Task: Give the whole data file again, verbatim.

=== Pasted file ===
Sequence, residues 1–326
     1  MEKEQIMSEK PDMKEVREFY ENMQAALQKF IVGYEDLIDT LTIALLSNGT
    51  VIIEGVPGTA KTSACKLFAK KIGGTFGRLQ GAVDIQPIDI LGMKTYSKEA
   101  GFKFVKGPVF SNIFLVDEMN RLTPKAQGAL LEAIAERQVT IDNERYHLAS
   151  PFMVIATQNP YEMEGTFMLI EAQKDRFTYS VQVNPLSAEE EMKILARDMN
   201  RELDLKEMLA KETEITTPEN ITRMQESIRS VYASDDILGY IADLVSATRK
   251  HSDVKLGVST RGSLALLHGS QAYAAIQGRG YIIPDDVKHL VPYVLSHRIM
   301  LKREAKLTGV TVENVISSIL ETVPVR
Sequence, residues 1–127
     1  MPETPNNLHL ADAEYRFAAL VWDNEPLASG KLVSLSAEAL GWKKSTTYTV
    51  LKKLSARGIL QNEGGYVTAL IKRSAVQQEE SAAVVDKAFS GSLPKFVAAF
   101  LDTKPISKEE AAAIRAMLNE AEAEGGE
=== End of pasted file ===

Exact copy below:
Sequence, residues 1–326
     1  MEKEQIMSEK PDMKEVREFY ENMQAALQKF IVGYEDLIDT LTIALLSNGT
    51  VIIEGVPGTA KTSACKLFAK KIGGTFGRLQ GAVDIQPIDI LGMKTYSKEA
   101  GFKFVKGPVF SNIFLVDEMN RLTPKAQGAL LEAIAERQVT IDNERYHLAS
   151  PFMVIATQNP YEMEGTFMLI EAQKDRFTYS VQVNPLSAEE EMKILARDMN
   201  RELDLKEMLA KETEITTPEN ITRMQESIRS VYASDDILGY IADLVSATRK
   251  HSDVKLGVST RGSLALLHGS QAYAAIQGRG YIIPDDVKHL VPYVLSHRIM
   301  LKREAKLTGV TVENVISSIL ETVPVR
Sequence, residues 1–127
     1  MPETPNNLHL ADAEYRFAAL VWDNEPLASG KLVSLSAEAL GWKKSTTYTV
    51  LKKLSARGIL QNEGGYVTAL IKRSAVQQEE SAAVVDKAFS GSLPKFVAAF
   101  LDTKPISKEE AAAIRAMLNE AEAEGGE